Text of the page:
I'm back, with options. The neighbouring occupants could have woken up, a new wormhole could have opened in the constellation, or, most likely, the static exit to high-sec has died and been replaced. Not a bad start is seeing that the K162 from class 4 w-space connecting to our home system has been forced closed, no doubt by the definitely nomadic corporation not liking our system, which will make it much safer for me to kill our own static wormhole. If it comes to that.
In to C3a, where the Iteron hauler from earlier is gone and a Myrmidon battlecruiser has taken its place on my directional scanner. There are no visible wrecks, though, which leaves me checking the towers for the Myrmidon, and that's no easy task. There are seventeen towers in the system and I only know where one of them is. Luckily, that's also where the Myrmidon is, so I warp that way, confirm the ship is piloted, and start loitering.
I stop loitering with it being readily obvious that the battlecruiser's not up to anything, and check the two wormholes I have bookmarked. Both were at the end of their life earlier, and I took quite a break, so it's no surprise to see both the K162 from low-sec and the static exit to high-sec no longer present. That's good, I can scan for the replacement high-sec exit. I warp out of d-scan range of the Myrmidon to launch probes, once again bumping to the two towers on the edge of the system, but this time seeing another ship. It's an Iteron.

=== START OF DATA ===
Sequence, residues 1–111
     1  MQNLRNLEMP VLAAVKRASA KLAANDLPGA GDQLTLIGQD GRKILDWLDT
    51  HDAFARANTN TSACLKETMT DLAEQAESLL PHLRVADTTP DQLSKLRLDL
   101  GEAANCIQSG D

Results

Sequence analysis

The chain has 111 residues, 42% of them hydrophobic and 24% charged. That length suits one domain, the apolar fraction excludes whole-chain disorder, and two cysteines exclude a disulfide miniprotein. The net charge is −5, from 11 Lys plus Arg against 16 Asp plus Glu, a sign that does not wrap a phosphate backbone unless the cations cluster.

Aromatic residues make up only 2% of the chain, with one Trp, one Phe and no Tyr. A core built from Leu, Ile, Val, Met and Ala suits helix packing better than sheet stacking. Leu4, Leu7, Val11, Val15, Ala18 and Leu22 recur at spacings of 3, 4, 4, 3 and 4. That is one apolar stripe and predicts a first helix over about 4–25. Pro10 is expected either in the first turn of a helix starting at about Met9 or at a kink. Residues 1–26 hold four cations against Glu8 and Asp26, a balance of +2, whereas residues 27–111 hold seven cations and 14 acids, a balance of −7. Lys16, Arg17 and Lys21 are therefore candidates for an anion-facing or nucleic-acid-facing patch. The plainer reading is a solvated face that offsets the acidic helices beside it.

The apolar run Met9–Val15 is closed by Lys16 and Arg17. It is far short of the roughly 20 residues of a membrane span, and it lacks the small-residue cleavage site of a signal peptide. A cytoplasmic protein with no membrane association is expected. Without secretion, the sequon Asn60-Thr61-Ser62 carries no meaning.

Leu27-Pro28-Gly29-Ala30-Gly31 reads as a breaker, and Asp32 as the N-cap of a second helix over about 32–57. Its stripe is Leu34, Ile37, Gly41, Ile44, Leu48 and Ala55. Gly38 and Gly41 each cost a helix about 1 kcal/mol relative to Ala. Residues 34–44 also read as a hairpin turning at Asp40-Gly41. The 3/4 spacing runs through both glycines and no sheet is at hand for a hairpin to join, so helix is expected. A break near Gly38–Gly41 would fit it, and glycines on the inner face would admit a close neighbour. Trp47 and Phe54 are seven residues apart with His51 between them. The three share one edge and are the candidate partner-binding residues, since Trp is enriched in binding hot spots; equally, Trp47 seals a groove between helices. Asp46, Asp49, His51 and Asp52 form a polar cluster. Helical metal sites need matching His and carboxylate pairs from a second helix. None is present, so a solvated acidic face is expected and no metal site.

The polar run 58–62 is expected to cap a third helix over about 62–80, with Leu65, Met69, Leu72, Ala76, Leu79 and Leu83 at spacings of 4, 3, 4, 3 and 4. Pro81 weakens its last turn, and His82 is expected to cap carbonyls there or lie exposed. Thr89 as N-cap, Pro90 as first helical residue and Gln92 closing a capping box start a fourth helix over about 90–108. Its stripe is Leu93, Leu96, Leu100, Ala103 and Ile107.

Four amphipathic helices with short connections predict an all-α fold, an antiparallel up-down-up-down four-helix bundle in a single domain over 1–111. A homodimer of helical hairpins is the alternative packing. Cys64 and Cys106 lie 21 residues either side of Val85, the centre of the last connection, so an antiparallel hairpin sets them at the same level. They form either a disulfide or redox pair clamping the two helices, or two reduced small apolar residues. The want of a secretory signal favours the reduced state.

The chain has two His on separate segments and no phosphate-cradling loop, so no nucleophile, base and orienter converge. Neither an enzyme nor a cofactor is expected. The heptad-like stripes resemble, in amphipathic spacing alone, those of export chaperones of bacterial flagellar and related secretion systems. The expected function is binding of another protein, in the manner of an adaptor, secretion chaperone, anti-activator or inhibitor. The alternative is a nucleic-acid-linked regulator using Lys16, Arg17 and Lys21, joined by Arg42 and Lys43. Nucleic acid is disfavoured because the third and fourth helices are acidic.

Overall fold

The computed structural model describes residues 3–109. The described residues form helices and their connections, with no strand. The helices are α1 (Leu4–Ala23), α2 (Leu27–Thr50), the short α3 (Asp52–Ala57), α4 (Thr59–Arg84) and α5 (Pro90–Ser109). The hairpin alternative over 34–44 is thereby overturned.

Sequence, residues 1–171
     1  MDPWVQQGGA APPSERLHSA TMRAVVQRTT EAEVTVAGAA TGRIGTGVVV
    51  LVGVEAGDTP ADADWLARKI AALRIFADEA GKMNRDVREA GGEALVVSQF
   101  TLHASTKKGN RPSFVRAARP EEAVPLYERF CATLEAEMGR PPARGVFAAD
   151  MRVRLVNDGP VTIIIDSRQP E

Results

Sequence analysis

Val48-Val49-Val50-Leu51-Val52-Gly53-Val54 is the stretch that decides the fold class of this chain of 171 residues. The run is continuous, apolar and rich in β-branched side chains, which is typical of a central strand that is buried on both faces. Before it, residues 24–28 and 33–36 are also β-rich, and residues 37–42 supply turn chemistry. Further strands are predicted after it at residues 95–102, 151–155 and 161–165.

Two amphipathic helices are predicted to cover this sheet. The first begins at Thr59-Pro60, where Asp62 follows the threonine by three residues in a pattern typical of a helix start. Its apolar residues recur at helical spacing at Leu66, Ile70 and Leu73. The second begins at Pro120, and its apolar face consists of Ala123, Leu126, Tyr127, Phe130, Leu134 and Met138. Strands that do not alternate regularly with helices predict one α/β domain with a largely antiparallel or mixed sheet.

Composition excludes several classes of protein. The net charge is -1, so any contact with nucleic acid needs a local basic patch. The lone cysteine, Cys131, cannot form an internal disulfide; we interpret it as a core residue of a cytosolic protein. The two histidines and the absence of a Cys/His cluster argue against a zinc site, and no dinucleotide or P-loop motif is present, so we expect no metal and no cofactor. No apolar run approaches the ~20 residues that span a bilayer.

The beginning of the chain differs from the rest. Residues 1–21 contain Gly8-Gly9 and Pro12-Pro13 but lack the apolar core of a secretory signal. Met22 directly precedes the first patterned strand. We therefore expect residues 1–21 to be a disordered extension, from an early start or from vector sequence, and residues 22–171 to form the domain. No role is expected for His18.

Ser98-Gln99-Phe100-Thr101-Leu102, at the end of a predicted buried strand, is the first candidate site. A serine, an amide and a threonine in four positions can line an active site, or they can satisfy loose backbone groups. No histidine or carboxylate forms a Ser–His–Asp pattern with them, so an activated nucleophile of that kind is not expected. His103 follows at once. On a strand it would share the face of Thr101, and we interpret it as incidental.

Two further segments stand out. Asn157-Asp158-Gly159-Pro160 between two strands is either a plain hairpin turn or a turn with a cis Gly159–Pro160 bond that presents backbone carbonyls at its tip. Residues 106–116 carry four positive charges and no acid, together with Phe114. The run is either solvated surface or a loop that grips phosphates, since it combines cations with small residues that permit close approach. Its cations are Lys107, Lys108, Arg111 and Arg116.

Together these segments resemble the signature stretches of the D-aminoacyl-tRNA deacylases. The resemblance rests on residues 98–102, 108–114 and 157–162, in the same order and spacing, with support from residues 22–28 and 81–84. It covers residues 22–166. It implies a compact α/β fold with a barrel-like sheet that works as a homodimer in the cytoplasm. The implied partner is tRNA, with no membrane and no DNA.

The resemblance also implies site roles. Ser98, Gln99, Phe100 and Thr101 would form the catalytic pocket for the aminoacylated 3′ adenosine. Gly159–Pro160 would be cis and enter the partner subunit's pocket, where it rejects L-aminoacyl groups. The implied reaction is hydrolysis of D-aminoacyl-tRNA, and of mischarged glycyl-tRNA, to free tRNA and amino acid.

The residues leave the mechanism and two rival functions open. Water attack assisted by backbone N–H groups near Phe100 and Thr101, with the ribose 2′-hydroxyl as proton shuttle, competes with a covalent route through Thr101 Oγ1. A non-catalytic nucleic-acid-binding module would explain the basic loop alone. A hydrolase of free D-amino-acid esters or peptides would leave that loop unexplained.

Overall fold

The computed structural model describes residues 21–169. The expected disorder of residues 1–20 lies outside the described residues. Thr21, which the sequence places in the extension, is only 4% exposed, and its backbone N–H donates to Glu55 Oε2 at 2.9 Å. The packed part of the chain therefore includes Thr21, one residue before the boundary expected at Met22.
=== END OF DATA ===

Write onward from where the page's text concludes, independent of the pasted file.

I locate both towers, warp to the one holding the hauler, and can't help but watch it for a few minutes, hoping it will collect planet goo with my cloaky Loki strategic cruiser for company. Of course, it doesn't, although the ship flips about its axis as I watch. Apparently that's not a capsuleer-initiated move, and rather indicates prolonged absence of pilot activity, letting me ignore it to scan the obviously new wormhole in the system.